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A Planned Bog Aquaria


  1. Freshwater microcosm plan
    by (Glen W Osterhout) (Mon, 29 Aug 1994)

Freshwater microcosm plan

by (Glen W Osterhout)
Date: Mon, 29 Aug 1994
Newsgroup: rec.aquaria,sci.aquaria,alt.aquaria

  I have been operating my 75 gallon plant tank for almost a year now and,
thanks to the contributions of people here,  it has been a great success.  
I haven't had to buy plants for months now,  I just take bunches of cuttings 
to the store and trade for whatever I want.  I'm now ready to try something
a bit more ambitious,  and I would appreciate any feedback or comments you
might have.  What I have in mind is a combination aquarium and bog tank
which is a self-sustaining freshwater microcosm,  needing little more than 
energy (in the form of lights and circulation) as input.  This is my plan so 

  I plan to divide a 125 gallon tank into two sections with a plexiglass 
partition.  Water will spill over the top of this partition into the other 
half (the boggy side) where it will be channeled through the roots of emersed 
plants,  ending up in a shallow pool (4-6" deep) from which it will be pumped 
back over the partition by a plankton-friendly pump.  The substrate on both 
sides will be dug from a local pond or bog,  and possibly placed over DIY 
substrate heater coils.  I plan to use as much pond water as I can transport 
to start things,  making up the difference with tap water.  I will add plants 
right away,  and may introduce some invertebrates (such as Malaysian trumpet 
snails or ghost shrimp) but I won't add any fish until the system reaches a 
stable balance (I doubt that all of the New England pond life will be able to 
adapt to the higher temperatures).  In fact,  the type of fish I add may be 
partly determined by what kind of imbalances show up.  For instance,  if I get 
a snail explosion I will add one or two snail-eating fish.  I am hoping that 
delaying the introduction of fish will also cause most fish parasites to die 
off for lack of a host.  The bog side will probably remain fishless,  and will 
serve as a refugium for plankton.  I have never attempted a bog tank,  so any 
advice on that aspect would be much appreciated.

Some gory details:

  The Divider Partition:

  The first problem is how to keep the partition in place with the weight of 
water pressing against it from one side.  I plan to buy some plastic or acrylic
doweling (1/2" thick ) and glue a piece along the top/front,  bottom/front, 
top/back and bottom/back inside edges of the tank,  so that one end of each 
dowel rests against the frame and the other rests against one corner of the 
partition.  This should stop it from sliding.  I think 1/2" thick plexiglass 
sheet should be enough to prevent bowing.  I will use silicon cement to provide
a waterproof seal,  and I hope it will stretch enough to keep a seal when the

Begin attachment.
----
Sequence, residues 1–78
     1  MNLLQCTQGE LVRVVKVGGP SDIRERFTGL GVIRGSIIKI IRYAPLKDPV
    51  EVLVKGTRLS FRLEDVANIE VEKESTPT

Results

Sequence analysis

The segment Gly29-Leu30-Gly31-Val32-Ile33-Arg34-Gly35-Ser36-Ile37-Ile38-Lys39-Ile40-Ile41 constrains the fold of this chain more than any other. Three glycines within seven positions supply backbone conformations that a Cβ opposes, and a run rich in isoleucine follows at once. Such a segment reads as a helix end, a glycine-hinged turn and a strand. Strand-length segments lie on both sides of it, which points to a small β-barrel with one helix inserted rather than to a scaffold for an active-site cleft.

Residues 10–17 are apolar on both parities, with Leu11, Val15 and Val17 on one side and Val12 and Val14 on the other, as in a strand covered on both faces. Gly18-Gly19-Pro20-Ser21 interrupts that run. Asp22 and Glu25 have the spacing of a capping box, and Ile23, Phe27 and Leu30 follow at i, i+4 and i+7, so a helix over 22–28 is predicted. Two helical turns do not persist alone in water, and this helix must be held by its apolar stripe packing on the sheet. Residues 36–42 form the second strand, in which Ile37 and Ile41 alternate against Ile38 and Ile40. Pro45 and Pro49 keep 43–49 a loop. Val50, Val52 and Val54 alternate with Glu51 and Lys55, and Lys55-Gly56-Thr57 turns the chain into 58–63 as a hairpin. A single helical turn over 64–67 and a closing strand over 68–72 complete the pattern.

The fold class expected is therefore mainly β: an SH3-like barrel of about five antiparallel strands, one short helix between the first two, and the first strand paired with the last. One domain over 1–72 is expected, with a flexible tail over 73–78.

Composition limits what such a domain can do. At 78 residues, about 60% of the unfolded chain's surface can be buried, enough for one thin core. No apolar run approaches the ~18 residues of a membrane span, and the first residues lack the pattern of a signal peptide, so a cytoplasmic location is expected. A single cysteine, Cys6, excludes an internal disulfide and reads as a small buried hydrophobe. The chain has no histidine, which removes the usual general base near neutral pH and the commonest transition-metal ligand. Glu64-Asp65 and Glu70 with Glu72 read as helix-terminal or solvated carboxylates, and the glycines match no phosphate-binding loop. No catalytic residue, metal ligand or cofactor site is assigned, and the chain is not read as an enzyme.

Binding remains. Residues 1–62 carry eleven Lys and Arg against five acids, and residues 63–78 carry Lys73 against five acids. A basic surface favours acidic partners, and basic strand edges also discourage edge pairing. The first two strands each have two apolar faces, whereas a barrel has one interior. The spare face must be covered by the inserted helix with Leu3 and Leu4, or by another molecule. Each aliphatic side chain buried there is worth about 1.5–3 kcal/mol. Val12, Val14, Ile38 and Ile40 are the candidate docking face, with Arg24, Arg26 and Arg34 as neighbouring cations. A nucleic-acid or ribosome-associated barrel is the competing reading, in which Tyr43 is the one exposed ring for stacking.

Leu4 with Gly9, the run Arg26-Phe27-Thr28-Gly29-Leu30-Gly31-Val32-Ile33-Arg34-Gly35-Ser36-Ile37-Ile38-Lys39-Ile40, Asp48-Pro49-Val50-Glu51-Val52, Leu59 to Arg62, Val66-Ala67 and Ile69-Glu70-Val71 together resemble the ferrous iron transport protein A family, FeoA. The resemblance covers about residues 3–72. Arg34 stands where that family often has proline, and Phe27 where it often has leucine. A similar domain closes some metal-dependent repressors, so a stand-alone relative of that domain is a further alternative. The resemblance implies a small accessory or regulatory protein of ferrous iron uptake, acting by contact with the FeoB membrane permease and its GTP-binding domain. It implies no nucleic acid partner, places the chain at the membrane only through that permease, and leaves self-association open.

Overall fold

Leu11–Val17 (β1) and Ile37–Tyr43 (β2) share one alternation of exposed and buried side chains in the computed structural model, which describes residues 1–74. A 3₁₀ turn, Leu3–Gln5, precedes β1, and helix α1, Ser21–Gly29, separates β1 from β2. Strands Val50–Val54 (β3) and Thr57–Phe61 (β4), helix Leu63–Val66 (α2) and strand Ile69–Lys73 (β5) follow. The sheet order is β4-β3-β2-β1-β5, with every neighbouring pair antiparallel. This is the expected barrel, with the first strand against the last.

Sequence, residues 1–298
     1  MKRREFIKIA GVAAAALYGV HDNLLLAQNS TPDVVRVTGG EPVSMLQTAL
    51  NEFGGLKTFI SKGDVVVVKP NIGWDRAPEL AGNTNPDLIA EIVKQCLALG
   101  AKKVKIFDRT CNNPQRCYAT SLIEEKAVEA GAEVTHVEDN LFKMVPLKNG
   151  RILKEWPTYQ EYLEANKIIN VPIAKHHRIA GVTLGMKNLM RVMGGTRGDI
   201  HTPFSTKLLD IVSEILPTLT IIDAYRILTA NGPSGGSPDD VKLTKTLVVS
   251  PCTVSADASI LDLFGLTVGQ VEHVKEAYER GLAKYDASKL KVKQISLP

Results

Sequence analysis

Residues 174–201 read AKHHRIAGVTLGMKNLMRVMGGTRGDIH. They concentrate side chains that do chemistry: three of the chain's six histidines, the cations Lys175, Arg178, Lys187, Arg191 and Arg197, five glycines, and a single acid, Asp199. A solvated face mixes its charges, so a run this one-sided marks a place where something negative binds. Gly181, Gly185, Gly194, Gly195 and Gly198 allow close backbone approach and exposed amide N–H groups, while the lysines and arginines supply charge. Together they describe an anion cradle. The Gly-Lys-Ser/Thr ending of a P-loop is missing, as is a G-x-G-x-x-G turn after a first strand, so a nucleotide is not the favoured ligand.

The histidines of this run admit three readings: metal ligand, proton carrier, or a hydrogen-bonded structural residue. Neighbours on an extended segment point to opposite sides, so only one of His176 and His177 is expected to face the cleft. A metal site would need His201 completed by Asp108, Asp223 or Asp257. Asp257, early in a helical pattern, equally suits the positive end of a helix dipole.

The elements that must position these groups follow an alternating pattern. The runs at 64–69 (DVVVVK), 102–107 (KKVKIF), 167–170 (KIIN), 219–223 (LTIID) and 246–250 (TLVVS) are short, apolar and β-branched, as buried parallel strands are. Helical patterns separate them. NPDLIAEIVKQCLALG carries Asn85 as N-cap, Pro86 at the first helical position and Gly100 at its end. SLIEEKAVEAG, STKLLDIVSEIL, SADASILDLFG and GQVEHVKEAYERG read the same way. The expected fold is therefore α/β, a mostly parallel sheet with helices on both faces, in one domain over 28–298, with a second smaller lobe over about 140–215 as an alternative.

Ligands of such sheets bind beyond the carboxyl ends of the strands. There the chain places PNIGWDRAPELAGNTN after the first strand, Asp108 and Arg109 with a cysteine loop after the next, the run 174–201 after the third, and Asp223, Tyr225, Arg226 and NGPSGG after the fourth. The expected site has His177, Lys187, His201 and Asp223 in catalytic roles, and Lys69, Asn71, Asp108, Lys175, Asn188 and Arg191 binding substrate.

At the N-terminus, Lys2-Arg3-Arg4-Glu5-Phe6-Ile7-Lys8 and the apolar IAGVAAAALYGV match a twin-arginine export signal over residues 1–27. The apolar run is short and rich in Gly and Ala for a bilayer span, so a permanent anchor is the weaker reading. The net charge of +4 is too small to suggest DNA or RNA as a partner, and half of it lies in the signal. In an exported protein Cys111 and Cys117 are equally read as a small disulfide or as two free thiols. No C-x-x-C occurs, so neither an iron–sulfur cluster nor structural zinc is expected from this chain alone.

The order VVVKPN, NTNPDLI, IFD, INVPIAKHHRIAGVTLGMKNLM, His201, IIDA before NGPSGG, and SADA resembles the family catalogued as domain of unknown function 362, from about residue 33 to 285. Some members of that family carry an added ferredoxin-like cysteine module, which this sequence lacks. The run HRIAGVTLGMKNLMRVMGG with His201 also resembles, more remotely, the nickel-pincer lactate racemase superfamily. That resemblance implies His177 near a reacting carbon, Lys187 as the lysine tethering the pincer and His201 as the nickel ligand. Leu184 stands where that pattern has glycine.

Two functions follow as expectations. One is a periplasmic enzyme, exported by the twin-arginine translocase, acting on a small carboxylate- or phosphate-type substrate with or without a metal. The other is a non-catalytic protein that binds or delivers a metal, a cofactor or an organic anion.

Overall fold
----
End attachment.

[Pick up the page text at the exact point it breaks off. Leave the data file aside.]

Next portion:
glass walls of the tank flex when water is added.


I will probably use 6 40 watt fluorescent bulbs which will cover all of the bog
end and half of the aquarium end,  with a 175 watt metal halide pendant 
covering the other half.


  This is the tricky part.  The idea is to gently lift water from the 4-5" deep
bog end of the tank over a 20" high partition,  without mangling all the nice
plankton that I hope to be growing.  There are no plankton-friendly pumps on 
the market as far as I know,  so I will have to try to build one myself.  Some 
possible candidates:

    Archimedes screw -  size and angle necessary is awkward and hard to make
    esthetically pleasing.  

    Air lift -  noisy,  may not work very well lifting water from the shallow
    depth in my bog setup.

    Bilge type piston pump - I think this is the best-suited,  but building
    one is a fairly ambitious goal.  Maybe I can find something suitable in
    a boating supply store (a small bailer for instance).  I have some ideas
    about how to build one,  but I'm afraid it would end up looking like
    some 19th-century-factory belts-hanging-from-the-ceiling-OSHA-nightmare.

    Venturi effect -  this works the same way as water changers such as the
    Python,  but I would use a power head instead of tap water pressure to 
    create the suction.  The power head would just pull water from the main
    part of the aquarium in through a sponge filter and release it back into 
    the same area,  so I would need a pump with a high flow rate but not one
    with much head.  The venturi suction would then be used to lift water from
    the bog side into the main part of the tank.  This is easy to build,  and 
    is what I will most likely use.

Possible problems:

  I don't think the uneven strain caused by putting in the partition will 
create a dangerous situation.  Has anybody ever done this?  I know the river
tank systems have similar dividers,  but not in such a large aquarium.

  I know I am breaking the rules about having organic materials in the 
substrate,  but Adey says it will work.  If he's wrong,  I'll probably end up
with a hydrogen sulfide factory.

  I would guess that the biggest potential problem is that of trying to adapt
New England pond life to a tropical environment.  I wish I lived somewhere
further south,  but I don't see any field trips to the Amazon in the near 
future.  The little research I've done on North American pond life hasn't 
told me much about the temperature ranges required.

Well,  that was a long post.  I don't know if anybody else is interested in
this sort of thing.  Let me know if you have any comments.


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